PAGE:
Rio Olympics Worldwide Audience to Top 3.5 Billion, IOC Estimates
New ways of watching are fragmenting audiences, but around half the world will have caught some part of the Olympics on traditional TV this year by the time of the closing ceremony.
The final figures aren't in yet, but the International Olympic Committee (IOC) is already judging the Rio Summer Games a ratings success on par with London in 2012.
Based on early estimates, the IOC says viewership this year is on par with that in 2012, when some 3.6 billion people — or around half of the world's total population of 7 billion — caught at least one minute of the Olympic Games.
Even ratings for the opening ceremony, which dipped sharply in the U.S. and across Europe compared to London, made up the numbers elsewhere, particularly in South America. The IOC estimates some 342 million people watched the start of the Rio Games, about the same number that saw the opening ceremony of the London Olympics four years ago. Those figures are down significantly from the 2008 Beijing Olympics, which broke all ratings records with more than 1 billion viewers worldwide.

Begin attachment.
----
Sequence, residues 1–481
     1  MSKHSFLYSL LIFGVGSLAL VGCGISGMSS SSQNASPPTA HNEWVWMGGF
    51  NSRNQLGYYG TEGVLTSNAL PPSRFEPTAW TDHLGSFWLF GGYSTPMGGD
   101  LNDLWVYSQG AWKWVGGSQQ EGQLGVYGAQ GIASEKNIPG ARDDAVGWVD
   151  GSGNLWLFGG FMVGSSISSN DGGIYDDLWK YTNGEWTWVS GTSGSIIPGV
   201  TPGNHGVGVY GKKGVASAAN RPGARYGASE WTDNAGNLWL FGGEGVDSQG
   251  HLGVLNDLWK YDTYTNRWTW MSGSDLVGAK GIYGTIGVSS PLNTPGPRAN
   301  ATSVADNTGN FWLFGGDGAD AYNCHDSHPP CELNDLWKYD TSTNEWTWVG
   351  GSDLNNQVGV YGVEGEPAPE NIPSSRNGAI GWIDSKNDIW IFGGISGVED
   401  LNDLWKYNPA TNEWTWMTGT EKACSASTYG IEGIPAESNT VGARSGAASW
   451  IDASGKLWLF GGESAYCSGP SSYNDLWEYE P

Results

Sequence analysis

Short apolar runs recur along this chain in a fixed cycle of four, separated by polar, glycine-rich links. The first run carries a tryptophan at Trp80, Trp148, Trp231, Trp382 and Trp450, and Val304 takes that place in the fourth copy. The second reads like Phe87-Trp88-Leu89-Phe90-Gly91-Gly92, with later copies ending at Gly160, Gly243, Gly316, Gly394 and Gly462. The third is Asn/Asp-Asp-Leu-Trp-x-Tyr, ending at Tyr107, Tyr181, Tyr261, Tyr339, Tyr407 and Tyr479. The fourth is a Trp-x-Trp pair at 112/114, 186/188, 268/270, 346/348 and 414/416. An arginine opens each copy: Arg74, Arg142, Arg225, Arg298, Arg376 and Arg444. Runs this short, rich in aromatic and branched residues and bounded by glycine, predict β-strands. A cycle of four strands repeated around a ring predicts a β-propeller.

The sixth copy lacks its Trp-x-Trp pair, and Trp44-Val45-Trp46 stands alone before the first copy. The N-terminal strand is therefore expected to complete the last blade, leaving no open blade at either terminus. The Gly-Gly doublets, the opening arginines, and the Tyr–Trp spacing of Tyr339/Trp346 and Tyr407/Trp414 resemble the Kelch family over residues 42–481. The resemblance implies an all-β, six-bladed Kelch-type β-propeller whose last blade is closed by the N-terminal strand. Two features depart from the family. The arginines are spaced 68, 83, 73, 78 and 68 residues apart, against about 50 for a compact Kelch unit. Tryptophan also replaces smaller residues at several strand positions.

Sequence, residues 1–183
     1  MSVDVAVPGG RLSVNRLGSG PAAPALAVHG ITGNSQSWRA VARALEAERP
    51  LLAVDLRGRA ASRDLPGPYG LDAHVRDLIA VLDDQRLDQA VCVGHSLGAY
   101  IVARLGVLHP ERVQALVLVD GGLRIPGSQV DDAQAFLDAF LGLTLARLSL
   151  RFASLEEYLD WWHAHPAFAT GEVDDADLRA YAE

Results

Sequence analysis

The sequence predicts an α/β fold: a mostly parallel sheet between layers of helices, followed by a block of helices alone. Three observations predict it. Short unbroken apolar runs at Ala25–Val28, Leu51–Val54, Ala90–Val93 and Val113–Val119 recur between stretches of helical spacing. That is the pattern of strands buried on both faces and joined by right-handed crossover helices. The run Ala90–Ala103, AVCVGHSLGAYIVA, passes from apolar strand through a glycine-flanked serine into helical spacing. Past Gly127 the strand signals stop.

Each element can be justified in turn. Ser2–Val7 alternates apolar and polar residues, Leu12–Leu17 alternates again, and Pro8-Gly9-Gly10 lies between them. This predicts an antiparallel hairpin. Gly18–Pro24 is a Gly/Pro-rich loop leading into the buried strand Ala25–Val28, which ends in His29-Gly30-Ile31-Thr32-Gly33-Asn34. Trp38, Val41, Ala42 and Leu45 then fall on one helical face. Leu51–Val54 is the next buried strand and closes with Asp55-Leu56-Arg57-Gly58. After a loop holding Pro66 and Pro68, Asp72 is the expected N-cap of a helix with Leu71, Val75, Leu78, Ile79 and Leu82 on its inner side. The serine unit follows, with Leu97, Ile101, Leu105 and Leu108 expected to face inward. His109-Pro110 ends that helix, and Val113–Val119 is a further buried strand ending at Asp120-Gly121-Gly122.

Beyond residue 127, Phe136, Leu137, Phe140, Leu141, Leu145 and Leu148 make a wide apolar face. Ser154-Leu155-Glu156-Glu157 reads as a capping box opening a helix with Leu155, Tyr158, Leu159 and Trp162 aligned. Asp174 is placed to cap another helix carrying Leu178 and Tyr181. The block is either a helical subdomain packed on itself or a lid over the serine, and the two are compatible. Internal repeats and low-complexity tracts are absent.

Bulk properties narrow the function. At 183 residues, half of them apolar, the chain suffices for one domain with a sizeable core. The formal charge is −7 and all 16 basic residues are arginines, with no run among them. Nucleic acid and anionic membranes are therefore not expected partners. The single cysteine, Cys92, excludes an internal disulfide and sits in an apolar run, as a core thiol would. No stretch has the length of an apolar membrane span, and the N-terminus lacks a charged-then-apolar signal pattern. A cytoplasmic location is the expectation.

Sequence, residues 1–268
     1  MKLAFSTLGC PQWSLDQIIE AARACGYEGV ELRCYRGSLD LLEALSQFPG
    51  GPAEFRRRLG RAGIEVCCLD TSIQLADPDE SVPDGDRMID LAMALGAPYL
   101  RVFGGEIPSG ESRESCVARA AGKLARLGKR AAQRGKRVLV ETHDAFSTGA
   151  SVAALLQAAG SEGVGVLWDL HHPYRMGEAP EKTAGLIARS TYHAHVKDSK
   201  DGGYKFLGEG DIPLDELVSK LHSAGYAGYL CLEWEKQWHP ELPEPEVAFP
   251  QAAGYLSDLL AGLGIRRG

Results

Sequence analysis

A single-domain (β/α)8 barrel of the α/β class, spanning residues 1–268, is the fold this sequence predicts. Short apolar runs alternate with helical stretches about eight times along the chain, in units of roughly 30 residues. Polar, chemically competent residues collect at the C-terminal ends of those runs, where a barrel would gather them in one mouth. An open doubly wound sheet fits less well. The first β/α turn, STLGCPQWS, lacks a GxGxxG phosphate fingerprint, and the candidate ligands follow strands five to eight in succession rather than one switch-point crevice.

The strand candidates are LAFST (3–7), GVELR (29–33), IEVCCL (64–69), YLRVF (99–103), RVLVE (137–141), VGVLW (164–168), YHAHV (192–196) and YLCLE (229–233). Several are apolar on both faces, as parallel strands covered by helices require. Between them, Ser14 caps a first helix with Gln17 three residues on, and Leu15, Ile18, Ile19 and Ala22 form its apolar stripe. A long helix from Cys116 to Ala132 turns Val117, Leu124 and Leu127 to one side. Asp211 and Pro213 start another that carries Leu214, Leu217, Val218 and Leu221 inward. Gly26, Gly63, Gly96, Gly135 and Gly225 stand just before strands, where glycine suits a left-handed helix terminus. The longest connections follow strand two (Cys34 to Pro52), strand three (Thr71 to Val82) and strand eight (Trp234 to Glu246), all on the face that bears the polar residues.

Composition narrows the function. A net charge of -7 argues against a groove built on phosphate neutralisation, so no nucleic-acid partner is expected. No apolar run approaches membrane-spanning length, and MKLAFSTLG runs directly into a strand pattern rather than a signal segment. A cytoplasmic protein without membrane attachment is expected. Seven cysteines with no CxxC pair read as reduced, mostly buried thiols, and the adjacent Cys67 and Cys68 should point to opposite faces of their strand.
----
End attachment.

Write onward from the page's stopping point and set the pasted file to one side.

The IOC has countered reports of ratings declines in some territories — most notably in the U.S. — by pointing to the increase in viewing across online and mobile platforms, arguing that the combined viewership is comparable with London.
What's undeniable is that fans worldwide have access to more Olympics coverage than ever before. Networks, according to the IOC, have increased TV coverage 25 percent compared to 2012, with 125,000 hours of output, with digital coverage jumping to 81,500 hours available, 2.5 times what was on offer in London.
Timo Lumme, managing director of IOC Television and Marketing Services, told Reuters that NBC's online viewership of more than 2 billion streaming minutes so far is higher than the activity for the previous five Olympics combined.
It remains to be seen, however, if the resulting audience fragmentation will impact advertising revenues and the price networks worldwide are willing to pay for Olympic rights. For this year's games, the IOC says TV revenue is up a solid 7.1 percent over the previous four years to $4.1 billion.